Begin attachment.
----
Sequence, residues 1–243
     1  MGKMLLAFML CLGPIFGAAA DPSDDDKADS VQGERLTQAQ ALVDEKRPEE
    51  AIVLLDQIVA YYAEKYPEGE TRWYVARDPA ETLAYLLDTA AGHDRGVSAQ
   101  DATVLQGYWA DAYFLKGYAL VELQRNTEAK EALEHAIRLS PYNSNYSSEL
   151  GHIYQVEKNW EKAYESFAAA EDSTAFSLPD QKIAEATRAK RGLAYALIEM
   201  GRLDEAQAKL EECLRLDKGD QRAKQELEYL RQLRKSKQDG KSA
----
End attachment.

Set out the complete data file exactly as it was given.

Sequence, residues 1–243
     1  MGKMLLAFML CLGPIFGAAA DPSDDDKADS VQGERLTQAQ ALVDEKRPEE
    51  AIVLLDQIVA YYAEKYPEGE TRWYVARDPA ETLAYLLDTA AGHDRGVSAQ
   101  DATVLQGYWA DAYFLKGYAL VELQRNTEAK EALEHAIRLS PYNSNYSSEL
   151  GHIYQVEKNW EKAYESFAAA EDSTAFSLPD QKIAEATRAK RGLAYALIEM
   201  GRLDEAQAKL EECLRLDKGD QRAKQELEYL RQLRKSKQDG KSA